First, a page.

Monsters, superheroes and spies make an appearance in a slew of stories penned by fourth- and fifth-grade students at London City Schools last month.
“The variety was amazing,” elementary reading specialist Alicia Anthony said. “I was amazed by their creativity. They don’t get to use that as much.”
The stories were written as part of National Novel Writing Month.
NaNoWriMo, as it is more commonly known, launched in 1999, according to its website. It challenges students and grown-ups to put 50,000 words on paper throughout the month of November. More than 300,000 people across the world participated in 2014.
The London students set their own goals for length, Anthony said. Then they wrote most of their stories — which spanned in length from three pages to nearly 80 — outside of the classroom.
“The goal was to motivate and inspire them to have fun writing,” Anthony said. “We wanted them to realize they could put something on the page that will last.”
Anthony, who has done the challenge on her own in prior years, joined forces with fourth-grade teacher Mark Stafford to offer the opportunity to students.
More than 100 started the challenge. Nearly half — 45 students, to be exact — continued writing to the end of the month.
“I think we were both a little shocked at how many students wanted to be part of it, and how many saw it through,” Anthony said.
The genres the students wrote spanned from adventure to spy thriller to horror.
Fourth-grader Julie Dunkley drew her inspiration from Rick Riordan’s “Percy Jackson and the Olympians” series, writing her own character into the group of demigods and their modern mythological adventures.
Joshua Lickliter, also a fourth-grade student, based his story on his favorite animated television series, “Teen Titans,” except his star characters are children of the Teen Titans and tackle their own missions.
Fourth-grader Laney Almond’s main character was a dog named Sarah, who dreamt of going to Paris. Then Sarah meets Jack, a boy dog who lives outside her woods. Sarah leaves to woods to see Jack, but learns he is actually a villain. She uses her magical powers to get The Wizard to help defeat him.
Fifth-grader Raighen Combs based her adventure story on a family vacation to the beach, but in her version, she goes with a group of friends instead.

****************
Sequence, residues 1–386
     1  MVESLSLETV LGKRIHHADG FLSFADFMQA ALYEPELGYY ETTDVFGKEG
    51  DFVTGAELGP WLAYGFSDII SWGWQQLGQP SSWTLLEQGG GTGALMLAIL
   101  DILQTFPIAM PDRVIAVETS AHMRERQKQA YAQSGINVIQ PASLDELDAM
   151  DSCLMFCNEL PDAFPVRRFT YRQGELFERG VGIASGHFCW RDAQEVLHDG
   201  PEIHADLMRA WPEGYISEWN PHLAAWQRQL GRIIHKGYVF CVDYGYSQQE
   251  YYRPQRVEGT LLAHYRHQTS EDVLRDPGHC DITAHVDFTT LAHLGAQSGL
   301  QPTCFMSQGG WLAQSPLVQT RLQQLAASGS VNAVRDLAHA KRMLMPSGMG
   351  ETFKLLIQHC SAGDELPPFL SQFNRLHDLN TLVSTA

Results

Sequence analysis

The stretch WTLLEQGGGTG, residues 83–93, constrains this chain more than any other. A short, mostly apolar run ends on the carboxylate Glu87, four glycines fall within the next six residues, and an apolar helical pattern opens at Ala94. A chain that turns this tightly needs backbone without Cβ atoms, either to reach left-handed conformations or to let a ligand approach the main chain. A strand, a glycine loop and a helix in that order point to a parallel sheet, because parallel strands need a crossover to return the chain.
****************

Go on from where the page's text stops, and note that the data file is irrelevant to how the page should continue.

Fifth-grade student Abbey Patterson’s main character starts as a girl being bullied who learns that her mother is a spy. But events transpire to send her character to Paris in a race to find the rainbow jewel.
Shane Lanter, a fourth-grade student, wrote about the adventures of Hot Dog and Hamburger.
Fourth-grader Ava Ripley wrote about superheroes named Speed Blaster and Piggy Bank — their moms were the villains.
Fourth-grade student Addie Keplinger opted to send her characters into a haunted house. Spoiler alert: Anabelle dies, and killing her off was her author’s favorite scene to write.
But the best part of the project was writing with her friends, Keplinger added.
Anthony and Stafford welcomed students into their classrooms to write during office hours and before and after school.
Stafford fielded a few worried emails from parents as the project started.
“It’s just for fun because writing is awesome,” he assured them — no need to worry about a grade.
At the end of the month, the teachers held a read-in over lunch to allow students who wanted to participate to share their stories with each other.
They hope to hold a similar month-of-writing challenge in April.
The students were quick to voice their enthusiasm.
“Maybe we’ve created monsters,” Anthony said with a laugh. “We’d like to see how far we can take it.”
Audrey Ingram can be reached at 740-852-1616, ext. 1615 or via Twitter @Audrey.MP.
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